Ever wonder about those cool sculptures, prints, and other art work you’ve seen around campus? What is it? Who made it? Is that sculpture near the science building a tribute to Walt Disney (Nope! Good guess though! See the end of the post for the answer!)? We’ve got answers to these questions and more on our new printable Public Art map! See a brief Q and A below:
Which artists created the sculpture, prints, and other art work around campus?
Much of the public art on the USF campus is made by world renowned artists like Siebren Versteeg, Janaina Tschäpe, Teresita Fernández, and Alyson Shotz. Other works are created by local artists from the Tampa Bay area. You’ll also find work from USF’s own Graphicstudio on the walls in buildings around campus. On our printable Public Art map, you’ll find the name of the artist, and the name of the art work by location.
How are the art works paid for?
In most cases, the Art in State Buildings Program helped pay for the materials and compensation for the artist’s time and creative energies. In other instances, special donors may have contributed to specific projects. However, all but five of the works on our map were paid for by the Florida program. So many thanks to the State for keeping our campus culturally cutting-edge and beautiful!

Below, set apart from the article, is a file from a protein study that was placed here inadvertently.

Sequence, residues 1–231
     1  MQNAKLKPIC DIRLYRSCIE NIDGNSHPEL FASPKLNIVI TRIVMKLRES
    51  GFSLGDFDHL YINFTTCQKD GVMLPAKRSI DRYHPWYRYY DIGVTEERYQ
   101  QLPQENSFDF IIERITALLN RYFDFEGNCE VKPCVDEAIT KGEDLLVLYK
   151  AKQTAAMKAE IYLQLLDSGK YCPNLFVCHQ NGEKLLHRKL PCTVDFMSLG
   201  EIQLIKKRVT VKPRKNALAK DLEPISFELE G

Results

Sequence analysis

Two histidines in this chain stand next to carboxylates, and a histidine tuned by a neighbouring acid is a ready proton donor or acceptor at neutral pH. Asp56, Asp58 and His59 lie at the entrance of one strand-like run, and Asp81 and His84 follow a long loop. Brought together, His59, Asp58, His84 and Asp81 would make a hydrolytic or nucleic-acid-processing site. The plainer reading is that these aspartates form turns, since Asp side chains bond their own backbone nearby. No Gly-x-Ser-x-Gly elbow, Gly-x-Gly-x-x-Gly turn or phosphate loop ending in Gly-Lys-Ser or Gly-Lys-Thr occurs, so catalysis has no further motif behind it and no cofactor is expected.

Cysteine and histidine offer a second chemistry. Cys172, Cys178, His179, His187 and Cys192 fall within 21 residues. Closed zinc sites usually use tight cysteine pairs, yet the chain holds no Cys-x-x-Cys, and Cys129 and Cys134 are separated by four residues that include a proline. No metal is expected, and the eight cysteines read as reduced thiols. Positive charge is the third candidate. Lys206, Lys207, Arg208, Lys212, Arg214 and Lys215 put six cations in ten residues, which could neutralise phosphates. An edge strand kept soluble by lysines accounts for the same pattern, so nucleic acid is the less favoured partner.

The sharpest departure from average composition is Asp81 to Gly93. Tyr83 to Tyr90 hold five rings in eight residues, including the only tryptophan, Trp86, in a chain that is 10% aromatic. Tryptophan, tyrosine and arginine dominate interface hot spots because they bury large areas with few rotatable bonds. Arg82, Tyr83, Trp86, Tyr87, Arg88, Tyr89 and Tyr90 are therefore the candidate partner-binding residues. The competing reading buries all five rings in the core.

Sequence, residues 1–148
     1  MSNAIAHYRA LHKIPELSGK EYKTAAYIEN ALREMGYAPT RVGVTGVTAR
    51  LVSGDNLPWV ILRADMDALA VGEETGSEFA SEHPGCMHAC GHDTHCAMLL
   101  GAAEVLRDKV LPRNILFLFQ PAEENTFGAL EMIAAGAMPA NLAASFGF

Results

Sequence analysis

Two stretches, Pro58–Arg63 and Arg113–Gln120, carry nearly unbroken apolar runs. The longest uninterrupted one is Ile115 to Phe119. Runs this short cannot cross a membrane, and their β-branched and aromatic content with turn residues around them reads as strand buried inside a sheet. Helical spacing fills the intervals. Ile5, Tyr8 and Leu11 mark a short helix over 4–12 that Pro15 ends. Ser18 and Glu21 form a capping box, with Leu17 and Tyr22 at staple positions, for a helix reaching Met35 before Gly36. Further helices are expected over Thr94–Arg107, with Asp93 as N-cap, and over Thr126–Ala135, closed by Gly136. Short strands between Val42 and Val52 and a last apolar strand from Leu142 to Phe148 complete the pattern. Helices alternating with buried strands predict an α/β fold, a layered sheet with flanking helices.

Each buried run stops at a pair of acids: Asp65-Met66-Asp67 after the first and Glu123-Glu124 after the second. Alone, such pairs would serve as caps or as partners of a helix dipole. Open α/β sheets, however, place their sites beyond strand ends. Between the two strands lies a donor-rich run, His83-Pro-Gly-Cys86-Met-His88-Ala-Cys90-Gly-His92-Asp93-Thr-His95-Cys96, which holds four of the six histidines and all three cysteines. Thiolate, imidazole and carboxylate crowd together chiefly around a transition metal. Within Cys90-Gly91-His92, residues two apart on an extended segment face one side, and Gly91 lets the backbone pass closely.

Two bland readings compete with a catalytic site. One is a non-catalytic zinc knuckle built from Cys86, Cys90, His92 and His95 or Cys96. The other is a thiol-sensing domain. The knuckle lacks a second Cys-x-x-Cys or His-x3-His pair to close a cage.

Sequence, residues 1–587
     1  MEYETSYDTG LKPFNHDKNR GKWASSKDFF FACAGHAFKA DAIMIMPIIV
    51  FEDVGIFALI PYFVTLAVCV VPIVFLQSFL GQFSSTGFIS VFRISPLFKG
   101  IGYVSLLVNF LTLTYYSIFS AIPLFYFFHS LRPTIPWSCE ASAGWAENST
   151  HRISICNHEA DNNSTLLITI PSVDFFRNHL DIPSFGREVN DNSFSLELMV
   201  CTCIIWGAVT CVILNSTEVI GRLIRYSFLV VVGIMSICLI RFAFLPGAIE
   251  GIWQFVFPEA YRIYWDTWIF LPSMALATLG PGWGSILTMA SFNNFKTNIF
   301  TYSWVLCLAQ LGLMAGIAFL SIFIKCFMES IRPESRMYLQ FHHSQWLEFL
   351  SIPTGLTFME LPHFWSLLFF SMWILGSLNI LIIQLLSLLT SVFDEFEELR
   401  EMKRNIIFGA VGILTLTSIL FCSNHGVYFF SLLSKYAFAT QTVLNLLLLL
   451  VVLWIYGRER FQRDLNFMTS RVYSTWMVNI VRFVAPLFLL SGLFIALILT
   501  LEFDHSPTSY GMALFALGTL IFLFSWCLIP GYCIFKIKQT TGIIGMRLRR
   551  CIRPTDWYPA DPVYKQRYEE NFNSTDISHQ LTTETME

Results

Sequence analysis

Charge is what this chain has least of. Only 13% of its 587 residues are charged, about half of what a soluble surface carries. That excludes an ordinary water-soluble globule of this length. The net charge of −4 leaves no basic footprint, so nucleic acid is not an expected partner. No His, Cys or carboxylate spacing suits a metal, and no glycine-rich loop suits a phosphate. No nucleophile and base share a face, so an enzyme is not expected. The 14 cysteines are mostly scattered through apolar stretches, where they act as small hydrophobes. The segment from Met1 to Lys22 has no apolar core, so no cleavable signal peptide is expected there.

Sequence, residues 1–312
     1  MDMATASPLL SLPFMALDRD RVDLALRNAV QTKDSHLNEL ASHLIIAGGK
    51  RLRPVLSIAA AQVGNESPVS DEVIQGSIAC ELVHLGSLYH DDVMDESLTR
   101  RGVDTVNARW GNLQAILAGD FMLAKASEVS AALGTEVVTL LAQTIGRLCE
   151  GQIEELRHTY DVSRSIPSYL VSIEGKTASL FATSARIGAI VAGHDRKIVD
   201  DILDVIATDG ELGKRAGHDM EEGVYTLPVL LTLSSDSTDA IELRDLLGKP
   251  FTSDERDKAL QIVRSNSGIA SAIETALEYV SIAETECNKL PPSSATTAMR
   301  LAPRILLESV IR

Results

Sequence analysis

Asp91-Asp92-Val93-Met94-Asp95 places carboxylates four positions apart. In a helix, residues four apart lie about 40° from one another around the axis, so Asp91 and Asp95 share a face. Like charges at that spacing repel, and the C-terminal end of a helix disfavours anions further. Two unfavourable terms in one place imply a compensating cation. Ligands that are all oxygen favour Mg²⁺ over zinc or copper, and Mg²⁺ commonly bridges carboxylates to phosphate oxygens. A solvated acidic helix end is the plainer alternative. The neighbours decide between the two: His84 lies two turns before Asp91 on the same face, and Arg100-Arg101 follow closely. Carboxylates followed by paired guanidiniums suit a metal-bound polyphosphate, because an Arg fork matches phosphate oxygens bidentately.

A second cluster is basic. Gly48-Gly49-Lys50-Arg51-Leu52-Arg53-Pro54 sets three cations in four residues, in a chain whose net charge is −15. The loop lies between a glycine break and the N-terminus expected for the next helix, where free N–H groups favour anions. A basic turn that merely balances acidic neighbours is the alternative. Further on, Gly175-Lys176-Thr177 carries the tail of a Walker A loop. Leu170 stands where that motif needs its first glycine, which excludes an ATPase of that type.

Can I walk, climb, or hang on the public art around campus?
No. No. And no. You know better than that. This is generally true in museums and other art spaces. Unless otherwise specified.
So, go ahead and print your copy of our Public Art reference map! Then you can impress your friends with your knowledge of the art that lives among us.
Want More Culture Now?
The website culturenow.org is a cool tool for finding art in public spaces around the US. It works kind of like Google Earth, in that you just click to zoom in or out to various public art locations around the country. You’ll find some information about a few of the pieces on the USF Campus on the site already. Below is information taken off the culturenow.org site about the work featured at the top of this post:
by Douglas Hollis
Installed on USF Campus, 1998
Unspecific Gravity is a site-specific landscape project consisting of a circular reflecting pool with fountain elements based on the H2O molecule (sample H2O molecule), exposed aggregate pathways that formalize preexisting desire lines, and seating based on the atomic structure of the eleven most common elements. Finishing details include the reintroduction of native Florida grasses to the area adjacent to the pool; and tree uplights in the defined drip-line areas surrounding the twelve existing laurel oaks on the site.
You can learn more about the USF Public Art program on the Institute for Research in Art website. The IRA is comprised of Graphicstudio, USFCAM, and Public Art.